ALBANESE: Well, one of the things that we see from the excuse from the Government says, ‘Oh, more people are using parcels now’. So, they don’t use that to think, ‘Hang on, this is a chance, maybe we need more jobs, not less’. They see this as an opportunity to actually cut jobs. Yes, more people are using parcel delivery or ordering online now. That should not be used as an excuse to cut back on Australia Post’s essential services. This is a Government that, of course, would like to privatise Australia Post because they’d like to privatise everything in sight. They don’t believe in anything to do with the public sector. And we see that time and time again. But this is a Government that should be using this period to think about how they create jobs. Instead, what they’re looking at is how jobs will be cut. Whether they be this issue today or whether it be childcare workers with their cuts to JobKeeper that they announced on Monday, on a public holiday.


JOURNALIST: (Inaudible) say that a second wave of coronavirus infections could arise from (inaudible). Is it wise to ease restrictions (inaudible)?


ALBANESE: We have to take the advice of health experts. It’s as simple as that. That’s what has seen Australia through this crisis better than most comparable nations. We just have to listen to that advice. But I notice also that the OECD has spoken about the risk of snap back. How snap back runs a risk of really restricting the growth in the economy and having a severe impact. The idea that you can just snap back to what was there, whether it be childcare, whether it be the removal of JobKeeper from other sectors, whether it be the withdrawal of JobSeeker back to its old amount of $40 a day. The OECD has warned that early withdrawal of economic support runs a severe risk of having a negative impact on the economy, on employment and on living standards in Australia.


JOURNALIST: They have also predicted though that Australians will stand better than other countries in our economic recovery. Is that something that the Government should consider?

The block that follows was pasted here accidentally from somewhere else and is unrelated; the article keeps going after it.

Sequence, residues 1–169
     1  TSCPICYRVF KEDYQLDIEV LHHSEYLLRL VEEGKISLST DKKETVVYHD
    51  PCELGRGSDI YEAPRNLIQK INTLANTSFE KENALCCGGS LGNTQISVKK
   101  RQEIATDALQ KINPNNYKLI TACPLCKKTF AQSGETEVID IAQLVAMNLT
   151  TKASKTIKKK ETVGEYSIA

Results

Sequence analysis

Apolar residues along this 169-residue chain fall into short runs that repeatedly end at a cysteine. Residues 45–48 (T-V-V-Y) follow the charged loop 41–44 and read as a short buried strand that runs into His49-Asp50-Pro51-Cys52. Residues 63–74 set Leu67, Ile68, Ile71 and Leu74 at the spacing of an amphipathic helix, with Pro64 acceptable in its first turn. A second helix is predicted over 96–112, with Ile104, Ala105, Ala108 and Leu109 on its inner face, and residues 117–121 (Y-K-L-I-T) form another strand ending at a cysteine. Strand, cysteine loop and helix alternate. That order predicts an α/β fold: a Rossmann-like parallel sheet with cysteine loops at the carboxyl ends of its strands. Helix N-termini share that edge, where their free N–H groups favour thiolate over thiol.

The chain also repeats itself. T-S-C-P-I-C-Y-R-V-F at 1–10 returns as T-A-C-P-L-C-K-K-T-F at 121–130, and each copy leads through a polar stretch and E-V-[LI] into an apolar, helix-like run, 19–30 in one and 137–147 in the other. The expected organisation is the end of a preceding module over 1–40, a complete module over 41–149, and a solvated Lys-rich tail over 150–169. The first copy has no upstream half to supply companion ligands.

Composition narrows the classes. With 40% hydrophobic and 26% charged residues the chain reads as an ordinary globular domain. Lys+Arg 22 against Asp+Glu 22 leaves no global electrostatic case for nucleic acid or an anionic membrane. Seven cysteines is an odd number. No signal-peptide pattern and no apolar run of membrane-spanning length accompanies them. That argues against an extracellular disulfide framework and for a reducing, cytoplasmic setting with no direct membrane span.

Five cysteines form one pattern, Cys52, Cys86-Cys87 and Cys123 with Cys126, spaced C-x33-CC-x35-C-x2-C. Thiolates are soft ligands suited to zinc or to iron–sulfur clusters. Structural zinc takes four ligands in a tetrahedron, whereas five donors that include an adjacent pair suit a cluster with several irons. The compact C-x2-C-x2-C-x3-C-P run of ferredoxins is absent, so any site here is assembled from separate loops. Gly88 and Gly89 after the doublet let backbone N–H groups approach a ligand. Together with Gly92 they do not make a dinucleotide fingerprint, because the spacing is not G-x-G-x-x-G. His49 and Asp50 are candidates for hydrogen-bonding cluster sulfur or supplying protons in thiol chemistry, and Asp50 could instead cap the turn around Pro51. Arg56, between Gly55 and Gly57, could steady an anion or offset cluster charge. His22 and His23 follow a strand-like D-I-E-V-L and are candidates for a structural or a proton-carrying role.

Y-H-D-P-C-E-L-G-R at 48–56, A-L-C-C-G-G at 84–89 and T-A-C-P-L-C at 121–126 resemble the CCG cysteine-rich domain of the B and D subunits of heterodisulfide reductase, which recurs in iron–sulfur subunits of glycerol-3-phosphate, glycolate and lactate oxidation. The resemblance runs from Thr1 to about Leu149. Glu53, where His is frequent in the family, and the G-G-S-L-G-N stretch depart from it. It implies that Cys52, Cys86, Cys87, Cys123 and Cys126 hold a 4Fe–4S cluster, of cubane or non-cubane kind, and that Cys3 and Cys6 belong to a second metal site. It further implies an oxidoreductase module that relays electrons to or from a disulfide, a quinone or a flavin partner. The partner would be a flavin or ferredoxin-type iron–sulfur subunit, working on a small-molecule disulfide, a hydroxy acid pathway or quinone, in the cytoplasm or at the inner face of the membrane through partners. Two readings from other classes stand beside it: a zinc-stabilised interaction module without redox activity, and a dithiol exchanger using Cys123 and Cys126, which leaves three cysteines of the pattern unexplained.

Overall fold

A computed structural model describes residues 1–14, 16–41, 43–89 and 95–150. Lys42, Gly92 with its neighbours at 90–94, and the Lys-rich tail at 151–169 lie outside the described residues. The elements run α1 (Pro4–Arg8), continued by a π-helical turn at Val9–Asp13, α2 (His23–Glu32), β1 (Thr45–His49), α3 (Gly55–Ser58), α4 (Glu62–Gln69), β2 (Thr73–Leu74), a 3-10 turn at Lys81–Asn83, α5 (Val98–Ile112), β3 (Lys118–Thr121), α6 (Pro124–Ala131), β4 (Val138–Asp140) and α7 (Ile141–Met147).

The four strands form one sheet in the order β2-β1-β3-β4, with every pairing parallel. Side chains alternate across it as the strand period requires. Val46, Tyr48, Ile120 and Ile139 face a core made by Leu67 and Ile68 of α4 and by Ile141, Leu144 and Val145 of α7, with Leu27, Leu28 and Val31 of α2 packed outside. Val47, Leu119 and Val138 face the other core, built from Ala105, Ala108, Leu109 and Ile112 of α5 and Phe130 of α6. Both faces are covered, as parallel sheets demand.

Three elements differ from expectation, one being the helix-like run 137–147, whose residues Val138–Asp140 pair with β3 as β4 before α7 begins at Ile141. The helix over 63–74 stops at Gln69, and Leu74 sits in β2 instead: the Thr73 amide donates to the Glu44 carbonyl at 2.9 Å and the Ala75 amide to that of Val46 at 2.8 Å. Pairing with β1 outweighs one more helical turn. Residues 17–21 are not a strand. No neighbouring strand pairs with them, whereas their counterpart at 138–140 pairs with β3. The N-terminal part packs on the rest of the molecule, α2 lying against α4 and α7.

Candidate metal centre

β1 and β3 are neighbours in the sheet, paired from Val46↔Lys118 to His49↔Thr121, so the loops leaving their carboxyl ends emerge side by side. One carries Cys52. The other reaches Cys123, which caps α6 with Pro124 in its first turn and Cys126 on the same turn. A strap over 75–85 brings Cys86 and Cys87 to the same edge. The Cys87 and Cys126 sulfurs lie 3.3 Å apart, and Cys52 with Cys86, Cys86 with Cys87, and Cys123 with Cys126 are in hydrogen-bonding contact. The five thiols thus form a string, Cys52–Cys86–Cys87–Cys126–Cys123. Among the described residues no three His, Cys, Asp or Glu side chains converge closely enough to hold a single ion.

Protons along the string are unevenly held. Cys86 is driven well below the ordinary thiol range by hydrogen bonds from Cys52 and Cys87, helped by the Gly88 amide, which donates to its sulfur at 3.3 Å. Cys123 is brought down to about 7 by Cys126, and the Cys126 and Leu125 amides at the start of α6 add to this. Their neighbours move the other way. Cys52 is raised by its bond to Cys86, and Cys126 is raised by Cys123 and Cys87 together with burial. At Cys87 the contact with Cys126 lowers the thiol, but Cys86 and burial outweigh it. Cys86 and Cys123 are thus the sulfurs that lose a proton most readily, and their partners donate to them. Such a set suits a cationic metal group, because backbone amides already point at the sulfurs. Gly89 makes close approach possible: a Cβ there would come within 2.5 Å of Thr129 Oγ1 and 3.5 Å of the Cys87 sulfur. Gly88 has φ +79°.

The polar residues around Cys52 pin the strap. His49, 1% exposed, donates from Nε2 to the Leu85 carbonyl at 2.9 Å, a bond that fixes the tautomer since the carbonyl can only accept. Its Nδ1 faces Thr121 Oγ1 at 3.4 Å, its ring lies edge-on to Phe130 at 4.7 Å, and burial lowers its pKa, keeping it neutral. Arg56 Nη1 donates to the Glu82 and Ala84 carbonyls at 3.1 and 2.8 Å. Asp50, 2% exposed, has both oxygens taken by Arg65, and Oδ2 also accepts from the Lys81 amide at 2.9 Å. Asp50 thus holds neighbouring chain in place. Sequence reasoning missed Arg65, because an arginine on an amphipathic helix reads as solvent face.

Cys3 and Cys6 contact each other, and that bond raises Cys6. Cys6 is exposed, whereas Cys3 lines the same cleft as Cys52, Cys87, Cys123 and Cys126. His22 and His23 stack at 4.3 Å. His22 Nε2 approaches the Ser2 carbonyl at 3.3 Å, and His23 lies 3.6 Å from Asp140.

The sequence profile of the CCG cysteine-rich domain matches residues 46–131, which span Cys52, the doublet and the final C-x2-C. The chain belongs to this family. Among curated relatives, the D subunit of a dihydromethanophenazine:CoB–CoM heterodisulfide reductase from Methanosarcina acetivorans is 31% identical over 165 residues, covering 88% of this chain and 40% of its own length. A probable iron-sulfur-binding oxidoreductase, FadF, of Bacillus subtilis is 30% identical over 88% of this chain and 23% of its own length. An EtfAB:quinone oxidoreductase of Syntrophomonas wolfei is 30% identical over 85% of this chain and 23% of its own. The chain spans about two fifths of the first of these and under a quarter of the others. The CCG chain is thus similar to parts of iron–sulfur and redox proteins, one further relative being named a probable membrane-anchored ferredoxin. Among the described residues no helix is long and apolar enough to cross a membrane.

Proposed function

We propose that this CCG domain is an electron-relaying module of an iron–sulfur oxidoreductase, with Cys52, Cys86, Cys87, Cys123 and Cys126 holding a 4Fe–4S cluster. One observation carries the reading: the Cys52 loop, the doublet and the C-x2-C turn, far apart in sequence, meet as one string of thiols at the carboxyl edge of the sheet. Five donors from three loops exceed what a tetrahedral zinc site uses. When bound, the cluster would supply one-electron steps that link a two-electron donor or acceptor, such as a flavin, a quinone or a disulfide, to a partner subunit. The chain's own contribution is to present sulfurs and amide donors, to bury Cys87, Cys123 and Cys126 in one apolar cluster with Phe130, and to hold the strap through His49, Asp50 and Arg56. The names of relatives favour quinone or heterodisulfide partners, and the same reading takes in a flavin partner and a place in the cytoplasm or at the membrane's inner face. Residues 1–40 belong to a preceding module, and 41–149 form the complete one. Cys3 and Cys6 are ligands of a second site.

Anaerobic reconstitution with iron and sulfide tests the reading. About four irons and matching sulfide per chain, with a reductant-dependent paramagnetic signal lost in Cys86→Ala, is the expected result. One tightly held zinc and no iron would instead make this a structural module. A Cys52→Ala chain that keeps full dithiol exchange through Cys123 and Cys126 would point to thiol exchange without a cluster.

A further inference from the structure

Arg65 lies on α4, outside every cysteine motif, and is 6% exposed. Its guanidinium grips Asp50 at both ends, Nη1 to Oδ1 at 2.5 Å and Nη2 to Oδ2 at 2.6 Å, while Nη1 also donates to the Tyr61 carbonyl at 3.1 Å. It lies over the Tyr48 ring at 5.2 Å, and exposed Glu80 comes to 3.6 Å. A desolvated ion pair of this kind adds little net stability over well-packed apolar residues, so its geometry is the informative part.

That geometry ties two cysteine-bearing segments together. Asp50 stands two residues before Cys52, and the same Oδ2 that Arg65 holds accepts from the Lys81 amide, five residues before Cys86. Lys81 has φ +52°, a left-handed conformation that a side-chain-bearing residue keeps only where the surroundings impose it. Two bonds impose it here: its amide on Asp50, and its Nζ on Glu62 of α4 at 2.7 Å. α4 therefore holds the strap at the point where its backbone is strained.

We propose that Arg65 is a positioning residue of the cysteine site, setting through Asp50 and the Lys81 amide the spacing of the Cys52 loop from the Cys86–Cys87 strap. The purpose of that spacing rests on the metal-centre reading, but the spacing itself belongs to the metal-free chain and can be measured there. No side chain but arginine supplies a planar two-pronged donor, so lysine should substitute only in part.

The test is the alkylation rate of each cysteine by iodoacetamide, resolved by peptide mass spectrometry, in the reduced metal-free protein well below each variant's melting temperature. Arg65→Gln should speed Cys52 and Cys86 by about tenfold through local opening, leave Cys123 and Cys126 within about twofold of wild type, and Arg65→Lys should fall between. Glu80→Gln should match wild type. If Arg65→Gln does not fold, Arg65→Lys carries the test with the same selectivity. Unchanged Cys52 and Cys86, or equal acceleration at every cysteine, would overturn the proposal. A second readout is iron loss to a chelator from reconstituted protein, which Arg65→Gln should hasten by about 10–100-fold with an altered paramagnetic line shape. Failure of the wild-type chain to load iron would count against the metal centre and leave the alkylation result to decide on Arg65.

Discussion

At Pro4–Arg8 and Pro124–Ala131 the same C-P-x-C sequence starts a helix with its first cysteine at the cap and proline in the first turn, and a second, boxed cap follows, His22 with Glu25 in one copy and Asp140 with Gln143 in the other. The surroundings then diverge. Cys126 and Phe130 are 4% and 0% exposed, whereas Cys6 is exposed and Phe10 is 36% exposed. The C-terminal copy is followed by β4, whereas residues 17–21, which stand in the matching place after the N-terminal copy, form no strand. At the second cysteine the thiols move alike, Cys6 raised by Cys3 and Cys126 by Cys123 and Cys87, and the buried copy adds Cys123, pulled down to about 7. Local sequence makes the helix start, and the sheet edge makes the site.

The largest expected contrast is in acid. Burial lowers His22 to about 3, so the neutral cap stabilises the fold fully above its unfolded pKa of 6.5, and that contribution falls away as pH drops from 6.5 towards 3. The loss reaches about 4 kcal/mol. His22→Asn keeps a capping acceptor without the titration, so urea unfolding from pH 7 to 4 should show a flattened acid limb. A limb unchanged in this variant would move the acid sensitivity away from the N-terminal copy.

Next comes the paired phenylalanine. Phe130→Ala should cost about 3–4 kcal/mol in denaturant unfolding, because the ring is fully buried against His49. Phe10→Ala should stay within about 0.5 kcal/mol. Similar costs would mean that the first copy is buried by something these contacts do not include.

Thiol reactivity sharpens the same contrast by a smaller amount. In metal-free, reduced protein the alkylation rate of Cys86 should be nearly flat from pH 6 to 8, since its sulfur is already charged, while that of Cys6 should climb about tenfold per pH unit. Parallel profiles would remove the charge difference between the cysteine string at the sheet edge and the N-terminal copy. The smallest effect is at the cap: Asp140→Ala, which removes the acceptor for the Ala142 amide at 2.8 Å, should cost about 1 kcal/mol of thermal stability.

ALBANESE: Well, the economic stimulus packages, there has been three of them in the Parliament. Labor has voted for all of them. But we’ve also warned about some of the mistakes that have been made. And of course, the major mistake announcements have been there every week. This week was the withdrawal of childcare earlier in the week. And it’s this issue in the last half of this week. The week before it was the $720 million cost of Robodebt, an illegal scheme imposed on more than 300,000 Australians. The week before that it was the $60 billion accounting error. This Government needs to get it right. They need to make sure that we have a transition rather than a snapback that will snap communities. And that is what the OECD have clearly outlined in the report that’s released today.


JOURNALIST: The Prime Minister has said yesterday about premiers to agree on opening their borders to aid the economic recovery. What is your stance on this?


ALBANESE: I don’t think restriction should be there for one day more than necessary. But it is the Prime Minister who has chaired a meeting that’s decided that it’s up to the states to go their own way. That’s a decision by the Prime Minister. He should accept some responsibility for the outcomes of meetings that he chairs and that he announces.